Probiotics are a science.

For Gastrointestinal + Whole-body Health 2-in-1 capsule-in-capsule probiotic and prebiotic. Formulated for adults ages 18+ with 24 clinically and scientifically studied probiotic strains and a polyphenol-based prebiotic to support systemic health.

Shop now

No thanks, take me back to the article.


Article updated on:

September 26, 2023

Fact checked

Do Probiotics Help Acne? The Science-Backed Truth for 2023

Lorem ipsum dolor sit amet, consectetur adipiscing elit. Suspendisse varius enim in eros elementum tristique. Duis cursus, mi quis viverra ornare, eros dolor interdum nulla, ut commodo diam libero vitae erat. Aenean faucibus nibh et justo cursus id rutrum lorem imperdiet. Nunc ut sem vitae risus tristique posuere.

Do Probiotics Help Acne? The Science-Backed Truth for 2023

G2HP Probiotics Research operates as a specialized enterprise focused on delivering objective, scientifically-validated information about probiotic treatments. Commissions we earn from partner links on this page do not affect our opinions or evaluations.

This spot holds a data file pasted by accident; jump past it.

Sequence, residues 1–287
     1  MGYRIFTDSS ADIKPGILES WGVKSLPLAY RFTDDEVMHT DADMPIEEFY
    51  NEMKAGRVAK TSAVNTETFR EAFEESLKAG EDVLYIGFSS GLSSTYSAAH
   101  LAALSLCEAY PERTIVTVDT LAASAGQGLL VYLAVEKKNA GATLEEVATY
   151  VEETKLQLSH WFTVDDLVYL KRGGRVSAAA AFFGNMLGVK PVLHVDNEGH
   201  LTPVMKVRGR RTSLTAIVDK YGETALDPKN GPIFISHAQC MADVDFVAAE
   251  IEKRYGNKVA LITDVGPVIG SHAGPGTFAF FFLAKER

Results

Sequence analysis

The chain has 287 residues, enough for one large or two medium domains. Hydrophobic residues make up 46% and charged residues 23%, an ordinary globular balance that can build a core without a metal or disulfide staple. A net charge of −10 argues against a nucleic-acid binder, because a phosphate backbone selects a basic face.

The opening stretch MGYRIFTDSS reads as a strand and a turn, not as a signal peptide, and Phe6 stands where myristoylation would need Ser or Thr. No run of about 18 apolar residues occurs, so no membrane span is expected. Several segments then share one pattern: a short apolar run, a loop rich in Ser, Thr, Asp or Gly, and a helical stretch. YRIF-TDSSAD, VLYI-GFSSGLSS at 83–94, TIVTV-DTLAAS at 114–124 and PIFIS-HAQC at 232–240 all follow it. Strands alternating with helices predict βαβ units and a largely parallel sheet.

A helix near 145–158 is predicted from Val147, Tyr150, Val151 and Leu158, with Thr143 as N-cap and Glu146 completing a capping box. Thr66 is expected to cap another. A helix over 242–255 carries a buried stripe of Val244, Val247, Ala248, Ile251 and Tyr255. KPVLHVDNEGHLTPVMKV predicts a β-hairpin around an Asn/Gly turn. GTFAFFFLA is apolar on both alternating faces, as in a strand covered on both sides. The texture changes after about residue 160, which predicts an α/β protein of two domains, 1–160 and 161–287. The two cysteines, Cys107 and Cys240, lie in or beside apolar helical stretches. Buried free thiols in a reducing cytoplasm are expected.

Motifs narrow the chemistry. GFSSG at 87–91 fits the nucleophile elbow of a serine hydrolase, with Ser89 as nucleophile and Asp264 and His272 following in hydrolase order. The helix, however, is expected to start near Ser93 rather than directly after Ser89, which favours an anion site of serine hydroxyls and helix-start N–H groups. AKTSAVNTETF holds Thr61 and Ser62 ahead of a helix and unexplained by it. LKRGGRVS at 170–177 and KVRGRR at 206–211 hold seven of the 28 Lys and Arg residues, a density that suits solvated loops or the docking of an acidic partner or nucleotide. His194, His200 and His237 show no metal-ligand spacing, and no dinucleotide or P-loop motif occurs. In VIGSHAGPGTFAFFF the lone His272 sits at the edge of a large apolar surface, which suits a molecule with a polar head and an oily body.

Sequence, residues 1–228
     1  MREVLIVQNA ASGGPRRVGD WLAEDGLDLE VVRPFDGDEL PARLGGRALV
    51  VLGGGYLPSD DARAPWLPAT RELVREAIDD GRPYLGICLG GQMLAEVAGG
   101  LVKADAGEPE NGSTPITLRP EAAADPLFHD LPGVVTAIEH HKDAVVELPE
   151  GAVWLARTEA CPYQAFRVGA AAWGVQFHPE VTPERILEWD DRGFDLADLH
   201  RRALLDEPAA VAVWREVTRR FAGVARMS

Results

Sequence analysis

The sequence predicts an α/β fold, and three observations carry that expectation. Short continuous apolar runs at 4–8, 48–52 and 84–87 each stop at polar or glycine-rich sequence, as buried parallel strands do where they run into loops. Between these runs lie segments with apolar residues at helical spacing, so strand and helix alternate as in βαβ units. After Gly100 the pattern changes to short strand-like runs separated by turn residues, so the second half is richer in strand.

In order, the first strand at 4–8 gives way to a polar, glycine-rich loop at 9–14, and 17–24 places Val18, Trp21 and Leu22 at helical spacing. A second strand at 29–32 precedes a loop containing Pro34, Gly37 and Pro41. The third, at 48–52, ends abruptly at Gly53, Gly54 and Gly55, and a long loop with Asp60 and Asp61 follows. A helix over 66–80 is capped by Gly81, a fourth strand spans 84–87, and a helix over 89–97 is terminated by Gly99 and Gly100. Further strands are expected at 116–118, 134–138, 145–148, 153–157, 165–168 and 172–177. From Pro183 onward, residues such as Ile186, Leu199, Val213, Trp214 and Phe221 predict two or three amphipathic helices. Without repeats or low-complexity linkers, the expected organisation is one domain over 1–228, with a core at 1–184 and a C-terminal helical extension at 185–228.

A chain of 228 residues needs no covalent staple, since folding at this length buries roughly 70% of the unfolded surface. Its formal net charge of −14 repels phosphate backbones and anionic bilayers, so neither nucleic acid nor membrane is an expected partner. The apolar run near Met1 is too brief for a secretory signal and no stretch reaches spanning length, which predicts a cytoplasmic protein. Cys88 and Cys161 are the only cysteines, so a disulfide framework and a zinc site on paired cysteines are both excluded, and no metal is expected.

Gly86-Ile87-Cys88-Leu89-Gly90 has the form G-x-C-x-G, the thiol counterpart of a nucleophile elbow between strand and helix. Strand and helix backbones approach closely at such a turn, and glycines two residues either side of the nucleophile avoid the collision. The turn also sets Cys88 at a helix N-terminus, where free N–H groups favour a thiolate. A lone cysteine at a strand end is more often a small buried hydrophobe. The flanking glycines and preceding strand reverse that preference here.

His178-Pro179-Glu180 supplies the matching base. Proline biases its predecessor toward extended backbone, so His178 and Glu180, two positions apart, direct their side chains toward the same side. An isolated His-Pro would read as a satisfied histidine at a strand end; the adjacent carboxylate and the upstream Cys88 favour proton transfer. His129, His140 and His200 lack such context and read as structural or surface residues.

Featured Partner Offer.

Many individuals are plagued by the frustrating and oftentimes embarrassing condition known as acne. With countless products and remedies flooding the market, individuals are constantly seeking a solution that can diminish and eliminate their acne-related concerns.

In recent years, the potential benefits of probiotics in improving acne have gained attention. Probiotics, also known as "good" bacteria, are found naturally in the body and certain food products. This article explores the question: do probiotics help with acne?

By examining recent research and evidence, it aims to provide clarity on whether probiotics can indeed be a promising solution for this common skin ailment.

Do Probiotics Help With Acne